Started in January 2007 after several years of scrupulous investigations and methodical research, History of Russian Video Art is a three-part project consisting of a series of exhibitions, lectures, screenings and publications illustrating the birth, first steps and further development of video as an artistic form in Russia.
Before the opening of the first event, the exhibition Volume 1, there was little systematic knowledge of the evolution of video art and its cultural value. Over the past years, History of Russian Video Art has filled all the gaps and managed to put video art on the map of Russian contemporary art, once and for all. Many important goals have been reached along the way:
- the project has tracked down the starting point (Andrey Monastyrsky’s Conversation with a Lamp, 1985);
- has acquainted the public with the pioneers working in semi-clandestine conditions to avoid the censoring control of the state;
- has saved a few pivotal works from irreparable damage or loss;
- has proved that video was the most powerful instrument that artists had at their disposal to speak to Russia and to the world about their identity, roles and expectations after the collapse of the Soviet Union;
- has offered a thorough outline of the directions taken and the problems embraced by video artists working in the crucial decade in between the old and new millennia.
Volume 3 continues to narrate the history of video art making in Russia, starting from where the exhibition Volume 2 (March 2009) stopped. The most relevant achievements in the field of Russian video art made in recent years (approximately the past five years) are on display in the exhibition. This is a unique opportunity to come closer to the work of those artists who have gained national and international critical and public acclaim for their videos, to experience the newest tendencies explored by the young generation and to get to know the production made in many different regions of the Russian Federation.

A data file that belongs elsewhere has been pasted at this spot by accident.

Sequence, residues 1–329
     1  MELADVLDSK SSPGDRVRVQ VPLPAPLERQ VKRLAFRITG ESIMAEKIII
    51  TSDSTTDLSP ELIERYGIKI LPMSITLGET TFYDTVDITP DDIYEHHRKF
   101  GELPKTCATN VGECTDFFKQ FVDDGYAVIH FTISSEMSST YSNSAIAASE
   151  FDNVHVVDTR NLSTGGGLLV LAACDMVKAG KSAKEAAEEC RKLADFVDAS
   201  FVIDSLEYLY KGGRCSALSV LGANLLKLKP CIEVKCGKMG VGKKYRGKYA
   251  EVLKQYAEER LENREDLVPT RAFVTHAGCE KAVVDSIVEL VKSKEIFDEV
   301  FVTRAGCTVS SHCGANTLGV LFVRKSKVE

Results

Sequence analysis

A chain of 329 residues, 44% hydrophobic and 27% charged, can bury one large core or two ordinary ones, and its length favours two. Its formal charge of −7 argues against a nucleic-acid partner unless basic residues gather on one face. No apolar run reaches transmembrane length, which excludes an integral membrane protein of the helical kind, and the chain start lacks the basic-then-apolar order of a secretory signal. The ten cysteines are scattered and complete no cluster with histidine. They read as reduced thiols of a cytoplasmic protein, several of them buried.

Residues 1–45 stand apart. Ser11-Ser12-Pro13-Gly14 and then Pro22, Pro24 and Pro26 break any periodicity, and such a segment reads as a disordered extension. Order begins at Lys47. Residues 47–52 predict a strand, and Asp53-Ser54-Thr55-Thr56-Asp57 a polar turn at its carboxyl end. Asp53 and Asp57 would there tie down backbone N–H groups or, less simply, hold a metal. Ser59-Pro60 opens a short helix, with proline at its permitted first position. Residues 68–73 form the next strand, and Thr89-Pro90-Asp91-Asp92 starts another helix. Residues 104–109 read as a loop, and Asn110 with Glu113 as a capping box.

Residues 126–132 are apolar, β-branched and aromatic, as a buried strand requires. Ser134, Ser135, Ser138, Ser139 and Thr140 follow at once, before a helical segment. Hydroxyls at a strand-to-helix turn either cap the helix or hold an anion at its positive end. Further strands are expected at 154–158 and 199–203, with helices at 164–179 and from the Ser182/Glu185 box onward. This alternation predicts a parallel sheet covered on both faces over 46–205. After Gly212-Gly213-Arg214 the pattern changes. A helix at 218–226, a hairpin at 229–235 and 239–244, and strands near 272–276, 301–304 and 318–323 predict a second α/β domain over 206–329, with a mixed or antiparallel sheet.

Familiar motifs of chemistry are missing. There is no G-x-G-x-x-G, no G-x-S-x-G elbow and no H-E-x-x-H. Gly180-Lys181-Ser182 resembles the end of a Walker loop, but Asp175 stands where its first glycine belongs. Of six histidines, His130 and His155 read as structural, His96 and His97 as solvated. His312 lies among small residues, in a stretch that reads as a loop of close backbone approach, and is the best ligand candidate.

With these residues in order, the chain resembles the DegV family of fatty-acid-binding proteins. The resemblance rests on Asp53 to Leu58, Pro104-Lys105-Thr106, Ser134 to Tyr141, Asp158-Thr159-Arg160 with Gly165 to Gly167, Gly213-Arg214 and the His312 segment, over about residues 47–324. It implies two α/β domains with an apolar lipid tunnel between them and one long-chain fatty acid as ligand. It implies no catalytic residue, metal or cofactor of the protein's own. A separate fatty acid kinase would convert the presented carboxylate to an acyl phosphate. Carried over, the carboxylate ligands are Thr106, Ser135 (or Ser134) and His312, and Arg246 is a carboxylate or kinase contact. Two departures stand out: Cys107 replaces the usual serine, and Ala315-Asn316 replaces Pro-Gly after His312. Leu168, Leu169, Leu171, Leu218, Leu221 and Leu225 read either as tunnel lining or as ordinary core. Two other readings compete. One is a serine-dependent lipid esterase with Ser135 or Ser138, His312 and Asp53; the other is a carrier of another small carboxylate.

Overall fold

Volume 3 enjoys the collaboration of experts in the field of art and new technologies who have chosen some of the forty works exhibited in the premises and compiled thematic programs for the projection room located on the 4th floor. Here the public will enjoy new videos every day, which will allow to include a great number of works in the display. Particularly valuable are these contributions, because one of the main tasks of the whole project is to promote discussion, debate critical views and familiarize with unknown expressions.
At the same time, throughout the duration of the exhibition, the public has the chance to view rare video documentaries on artists and people who have played a relevant role in the development of video art, as well as take part in open discussions and attend master classes given by the artists themselves.
Volume 3 is an unprecedented attempt to offer the widest possible overview — in total, more than five hundred works are to be shown — of the way Russian artists today use video technology to express their feelings and present their views of the world we live in. This the final part of the project History of Russian Video Art and the starting point of a future approach to video art as a form with its own 25-year old history and tradition.